On Thursday, TVO will host the first of two Progressive Conservative leadership debates, in which candidates Christine Elliott, Doug Ford, and Caroline Mulroney will spar (verbally, we hope) over their plans for the party’s future. (The Tories have said there will be another debate before March 2, when balloting begins.) Here are a few things to keep in mind during the debate and after.
Details don’t always matter
When TVO hosted a PC leadership debate in 2009, the most contentious issue was Tim Hudak’s proposal to dissolve the Ontario Human Rights Tribunal — something then-candidate Elliott said would be “toxic” for the party’s chances in the 2011 election. Both Elliott and MPP Frank Klees were opposed to Hudak’s proposal, while MPP Randy Hillier (who has endorsed Elliott in 2018) thought it didn’t go far enough.
Hudak won the leadership, but his proposal was nowhere to be found in the 2011 PC party platform — and it didn’t appear in the 2014 platform, either. For all the energy Hudak and his rivals devoted to it in that debate, the idea was never actually pitched to Ontario’s voters.
The contenders this week may have some sharp disagreement on policy (or not; it turns out they all oppose the carbon tax former leader Patrick Brown made central to his platform), but there’s nothing that says a set-to over policy will mean much after the leadership race is done.
How much will experience count?
Ford has been on televised debates, thanks to his 2014 Toronto mayoral run. Elliott has been a PC leadership candidate twice before. But Mulroney formally entered electoral politics just six months ago, with her nomination as a PC candidate for the riding of York–Simcoe. She’s unquestionably the novice of the bunch, and TVO’s studios are a pretty public venue in which to learn on the job. It wouldn’t be surprising if she were still shaky with her responses either to questions from moderator Steve Paikin or to her leadership rivals.
That said, Brown was, at best, an uneven public speaker when he beat Elliott, and his performance during the 2015 leadership debate was hardly a knockout. Yet he easily won the nomination race all the same.
The Ford Factor
Doug Ford was not, to put it mildly, a subdued character in the 2014 municipal election. He attacked John Tory for living a life of privilege and for having had things handed to him “on a silver platter”; he proclaimed that he’d effectively acted as “co-mayor” with his brother, the late Rob Ford; then he tried to defend Rob’s history of anti-Semitic remarks by saying that he himself employed Jewish doctors, lawyers, and accountants.
Of course, 2014 was a long time ago now, and Ford has promised to run a respectful campaign. This debate will be a significant and very public test of that pledge: Will Ford be able to hold his tongue? Or will one of his opponents successfully bait him into saying something profoundly unfortunate?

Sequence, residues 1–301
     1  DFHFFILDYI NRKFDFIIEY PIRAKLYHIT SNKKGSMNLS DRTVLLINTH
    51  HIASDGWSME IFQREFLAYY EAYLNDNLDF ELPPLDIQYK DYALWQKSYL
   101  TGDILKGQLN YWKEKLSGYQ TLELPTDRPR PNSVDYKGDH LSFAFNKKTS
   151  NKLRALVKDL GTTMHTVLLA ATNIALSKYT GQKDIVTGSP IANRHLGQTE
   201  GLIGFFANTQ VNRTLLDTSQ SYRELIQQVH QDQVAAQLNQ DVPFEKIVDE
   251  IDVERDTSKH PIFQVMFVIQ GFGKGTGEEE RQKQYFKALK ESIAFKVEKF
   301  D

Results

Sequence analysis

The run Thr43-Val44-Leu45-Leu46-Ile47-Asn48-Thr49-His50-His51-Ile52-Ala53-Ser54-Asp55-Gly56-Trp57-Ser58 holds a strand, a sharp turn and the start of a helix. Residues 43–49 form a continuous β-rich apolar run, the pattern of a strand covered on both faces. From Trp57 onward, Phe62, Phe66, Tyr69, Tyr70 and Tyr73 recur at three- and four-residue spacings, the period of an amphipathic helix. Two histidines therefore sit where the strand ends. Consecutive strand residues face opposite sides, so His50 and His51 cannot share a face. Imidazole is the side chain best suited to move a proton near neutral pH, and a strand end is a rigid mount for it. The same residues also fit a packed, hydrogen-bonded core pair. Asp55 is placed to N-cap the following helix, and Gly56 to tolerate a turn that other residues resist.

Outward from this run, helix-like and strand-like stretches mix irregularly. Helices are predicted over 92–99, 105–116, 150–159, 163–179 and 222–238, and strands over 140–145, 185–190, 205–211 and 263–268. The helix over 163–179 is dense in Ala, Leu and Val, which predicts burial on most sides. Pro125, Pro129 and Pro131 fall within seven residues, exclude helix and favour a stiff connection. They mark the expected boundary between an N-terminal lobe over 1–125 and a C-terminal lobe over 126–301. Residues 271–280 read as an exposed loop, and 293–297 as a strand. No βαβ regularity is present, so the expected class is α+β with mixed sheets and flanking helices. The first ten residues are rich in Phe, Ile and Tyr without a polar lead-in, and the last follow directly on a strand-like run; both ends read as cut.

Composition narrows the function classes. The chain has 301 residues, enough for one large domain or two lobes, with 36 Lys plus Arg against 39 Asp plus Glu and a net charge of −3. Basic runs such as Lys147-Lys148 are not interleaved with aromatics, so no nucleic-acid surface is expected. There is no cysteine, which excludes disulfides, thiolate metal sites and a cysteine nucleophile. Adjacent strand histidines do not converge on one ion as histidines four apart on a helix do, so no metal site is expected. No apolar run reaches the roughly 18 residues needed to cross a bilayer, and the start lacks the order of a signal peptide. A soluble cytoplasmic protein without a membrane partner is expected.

And if they do, would it even matter? Despite 2014’s parade of unpleasantness, Ford still got about as much of the popular vote as polls predicted his brother would have received before dropping out of the race. People know what the Ford brand means, for better or worse.
It’s not just Ford whose conduct will be worth watching. One effect of ranked balloting — which is how the Tories will select their leader — is that winners have strong incentives to reach out to the supporters of other campaigns in order to increase their support on the second ballot. As long as this stays a three-person race, all the campaigns will be trying to figure out where the support for their rivals is softest, and how to lure people over to their side on the second ballot.
Elliott is the one to watch here, as her conduct in the debate may give observers a sense of which of the rival Tory camps she hopes will bleed enough support to put her over the 50 per cent threshold. Does she strike a moderate (or even progressive) tone to appeal to people who might be looking at Mulroney as a potential fresh face for the party? Or does she lean to the right in order to build a bridge for Ford voters to cross?
Please, no zingers
This is less an observation or prediction than a plea: please, for the love of God, no canned attempts at getting the best clip out of the debate. Ronald Reagan was able to sell “There you go again,” but the odds are very good that if you’re reading this, you’re not Ronald Reagan, nor are you a public speaker of his calibre. The smart play is to simply try not to embarrass yourself, and to hope that your rivals do worse than you.
TVO will stream the debate live on February 15 at 4 p.m. on Twitter Periscope. The full debate will air on The Agenda with Steve Paikin at 8 p.m. and again at 11 p.m. It will also be streamed on Facebook at 8 p.m.
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